I Hate Myself for Loving the Jonathan Papelbon Signing
Let me get this out of the way right now: I’ve loved the Phillies with an unwavering passion since, as a newly minted seven-year-old in 1980, I watched Tug McGraw strike out Willie Wilson to lock down the Phils’ first-ever World F. Championship. (My second-grade brain somehow interpreted Tugger’s vertical leap for joy as a heroic stab at a line drive to record the final out; I held on to this mistaken belief for an embarrassingly long time.) Then there were 27 years of awful peppered with brief blips of hope dashed in crushing defeat. Point is, Brad Lidge striking out Eric Hinske to seal the World Series in 2008 was, for me, like the happy conclusion of a long, cruel play; the exorcising of a particularly nasty demon.
I’m a lifer.
Which is why I find myself conflicted about the affairs of the Local Nine—specifically this whole Jonathan Papelbon/Ryan Madson business. The financial prudence of committing $50 million to a not-old-but-not-young relief pitcher who throws a lot of arm-taxing split-finger fastballs notwithstanding, the homer in me is beyond thrilled that the Phils had the stones and the wherewithal to go out and sign the big-name closer on the market to a holy-fuck contract just days into the free agency period. That this all happened mere hours after sticking it to Scott Boras—the agent who, with J.D. Drew, famously screwed the Phils all those years ago—in that weird deal/no-deal with incumbent closer Ryan Madson, was extra gratifying.
(Though, if we’re being honest, I was really excited by the prospect of signing Madson—a truly deserving home-grown sort—to a big deal; it wasn’t that long ago that free agents departing the Phillies would talk to anyone—including Japanese teams and slow-pitch softball leagues—before considering a return trip to Veterans Stadium, aka ACL Memorial Field).
The act of inking Papelbon was that of a big-market team with a recent history of success—playing in a cash-cow stadium filled nightly by a rabid fanbase—flexing its muscles, throwing caution and financial wisdom to the wind, and making the big, market-setting splash. “Fuck yeah!” I thought. “Amazing!”
The current era is, without question, the best in team history—on the field and, in some respects, off it. And I’m completely weirded out by it.
Part of it’s because I’m just not used to rooting for the overdog. But mostly, it’s because this kind of stuff is exactly what the Yankees—the free-spending, unbearable-in-victory/ungracious-in-defeat Goliaths to the north—would do.
The Bronx Bombers’ most recent run of dominance, going back to the mid-’90s, was based on a homegrown core, not unlike the Phillies’ recent run. The Yanks’ then buttressed their empire with high-priced mercenary after high-priced, PED-taking mercenary after high-priced, PED-taking, centaur-obsessed mercenary. And each time Brian Cashman, George Steinbrenner and his progeny open the checkbook for another precedent-smashing deal (that is sure to outlive the signee’s usefulness, but who cares because the Yankees are unique in their ability to eat their mistakes), the collective teeth-gnashing in the baseball world echoes across the continent.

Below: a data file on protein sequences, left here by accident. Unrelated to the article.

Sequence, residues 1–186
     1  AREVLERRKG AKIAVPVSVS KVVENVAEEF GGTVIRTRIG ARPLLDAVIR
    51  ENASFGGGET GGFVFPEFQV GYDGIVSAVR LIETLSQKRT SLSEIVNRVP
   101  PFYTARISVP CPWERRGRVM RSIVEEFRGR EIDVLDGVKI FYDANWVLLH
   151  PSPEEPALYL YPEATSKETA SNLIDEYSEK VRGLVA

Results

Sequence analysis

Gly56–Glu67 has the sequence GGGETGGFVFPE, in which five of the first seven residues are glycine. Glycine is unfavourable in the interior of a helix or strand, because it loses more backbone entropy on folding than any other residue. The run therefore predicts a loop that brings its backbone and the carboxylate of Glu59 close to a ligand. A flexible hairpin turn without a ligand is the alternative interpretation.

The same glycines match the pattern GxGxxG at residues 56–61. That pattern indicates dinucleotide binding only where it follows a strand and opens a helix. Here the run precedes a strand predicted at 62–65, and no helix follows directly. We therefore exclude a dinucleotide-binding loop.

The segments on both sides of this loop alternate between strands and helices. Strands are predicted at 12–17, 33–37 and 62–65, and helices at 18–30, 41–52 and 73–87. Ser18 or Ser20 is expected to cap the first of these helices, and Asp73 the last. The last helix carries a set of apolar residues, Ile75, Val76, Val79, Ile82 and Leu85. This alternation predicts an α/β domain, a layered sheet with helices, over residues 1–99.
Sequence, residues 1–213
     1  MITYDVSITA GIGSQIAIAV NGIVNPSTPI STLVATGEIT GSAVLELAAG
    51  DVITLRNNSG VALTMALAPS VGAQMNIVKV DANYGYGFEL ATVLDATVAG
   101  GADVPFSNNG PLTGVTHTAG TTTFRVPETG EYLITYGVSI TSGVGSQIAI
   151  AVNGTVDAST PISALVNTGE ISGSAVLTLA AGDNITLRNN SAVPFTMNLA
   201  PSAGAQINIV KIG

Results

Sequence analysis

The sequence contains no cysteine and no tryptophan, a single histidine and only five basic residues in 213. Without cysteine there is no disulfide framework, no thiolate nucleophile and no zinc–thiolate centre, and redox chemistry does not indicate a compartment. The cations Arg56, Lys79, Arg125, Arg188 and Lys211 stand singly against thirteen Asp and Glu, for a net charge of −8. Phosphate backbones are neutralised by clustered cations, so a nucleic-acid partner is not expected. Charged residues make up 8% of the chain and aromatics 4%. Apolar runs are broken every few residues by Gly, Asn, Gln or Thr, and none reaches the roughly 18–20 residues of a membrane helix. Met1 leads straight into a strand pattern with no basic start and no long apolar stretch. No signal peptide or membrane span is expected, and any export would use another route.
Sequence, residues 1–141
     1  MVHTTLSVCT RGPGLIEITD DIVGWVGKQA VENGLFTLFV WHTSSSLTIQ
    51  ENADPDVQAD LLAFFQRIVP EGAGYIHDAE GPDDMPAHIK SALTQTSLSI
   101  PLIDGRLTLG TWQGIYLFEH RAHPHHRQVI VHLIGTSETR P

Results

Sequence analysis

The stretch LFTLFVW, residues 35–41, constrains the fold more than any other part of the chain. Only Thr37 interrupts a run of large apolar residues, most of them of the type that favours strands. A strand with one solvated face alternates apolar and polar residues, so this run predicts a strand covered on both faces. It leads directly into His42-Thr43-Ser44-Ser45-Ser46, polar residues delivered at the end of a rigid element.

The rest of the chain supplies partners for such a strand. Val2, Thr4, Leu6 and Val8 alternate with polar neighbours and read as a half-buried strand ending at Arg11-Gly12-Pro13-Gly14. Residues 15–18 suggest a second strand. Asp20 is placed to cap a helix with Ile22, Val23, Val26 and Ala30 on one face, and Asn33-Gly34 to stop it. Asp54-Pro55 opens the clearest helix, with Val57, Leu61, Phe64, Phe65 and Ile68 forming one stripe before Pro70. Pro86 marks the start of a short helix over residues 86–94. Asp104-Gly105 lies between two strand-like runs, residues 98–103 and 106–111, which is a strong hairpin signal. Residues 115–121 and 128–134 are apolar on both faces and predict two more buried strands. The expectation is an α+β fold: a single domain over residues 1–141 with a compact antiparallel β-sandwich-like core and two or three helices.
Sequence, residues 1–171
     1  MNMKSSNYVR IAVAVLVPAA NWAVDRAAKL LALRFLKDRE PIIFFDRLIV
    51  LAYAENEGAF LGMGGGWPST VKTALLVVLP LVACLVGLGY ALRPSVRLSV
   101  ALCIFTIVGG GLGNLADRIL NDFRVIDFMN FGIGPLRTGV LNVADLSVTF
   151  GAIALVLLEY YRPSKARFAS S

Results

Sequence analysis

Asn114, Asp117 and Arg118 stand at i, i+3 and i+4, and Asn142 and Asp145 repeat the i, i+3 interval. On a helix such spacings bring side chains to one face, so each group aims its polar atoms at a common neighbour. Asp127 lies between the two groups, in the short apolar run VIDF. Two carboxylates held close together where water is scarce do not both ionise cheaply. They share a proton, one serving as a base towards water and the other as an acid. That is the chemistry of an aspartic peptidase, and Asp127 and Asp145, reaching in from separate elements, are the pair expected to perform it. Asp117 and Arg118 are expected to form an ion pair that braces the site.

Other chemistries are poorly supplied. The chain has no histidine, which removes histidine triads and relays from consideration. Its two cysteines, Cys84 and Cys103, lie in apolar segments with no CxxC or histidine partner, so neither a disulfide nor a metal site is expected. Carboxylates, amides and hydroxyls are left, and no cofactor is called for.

Not that the Yankees’ free spending has necessarily rewarded them; since 2000, they have won an un-Yankee-like one World Series. Yet the Phils seem eager to follow their playbook. In the last three seasons, they have acquired studs Roy Halladay, Roy Oswalt, Cliff Lee (twice!), Hunter Pence and Papelbon (so far). These moves, while popular, have come at the cost of considerable minor league talent, draft picks and a lot of freaking money. Meanwhile, unwise and/or unnecessary commitments to Ryan Howard (whom I love, but his contract is right out of a Coleridge epic), Raul Ibanez, Brad Lidge, Joe Blanton and Placido Polanco likely robbed them of the ability to resign Jayson Werth and possibly Jimmy Rollins. For all of their expenditures—in treasure and talent—the Phillies have drifted progressively farther from that elusive third title (all caveats about the unpredictability of short series apply).
I contend that Yankees fans feel no real joy when their team wins—only the smug, soulless sense of having gotten what they’d paid for. And when they lose, well, they’re bitter, their belief in a system they thought they’d gamed is shaken. That’s not fun. And I fear that’s where Phillies Nation is drifting.
In order to beat the Yankees, we oughtn’t have to be the Yankees.
Conventional wisdom suggests that come 2013, when the Phils are paying in the neighborhood of $95 million for five aging players, it will be dark times indeed. Which could very well be why the Phillies are spending like there’s no tomorrow. No one was more stoked by the Phils pulling the rug out from under the Yankees to sign Cliff Lee. And look, Jonathan Papelbon’s a great closer, and I like having great players on my team. While I love what these moves say about Philly, I dread what they portend for the Phillies’ future.
Ruben Amaro and Co. need to disavow themselves of the idea that Moneyball is about seeing how much cash and prospects you can spend—and to this point, Amaro’s not proven much more than a flair for the dramatic and that he can spend money. This is no time for a pissing match; it’s time to get to the crucial task of actually developing the next crop of Phillies stars—the Domonic Browns, the Jesse Biddles, the Trevor Mays, the Michael Schwimers—before this one hits the wall.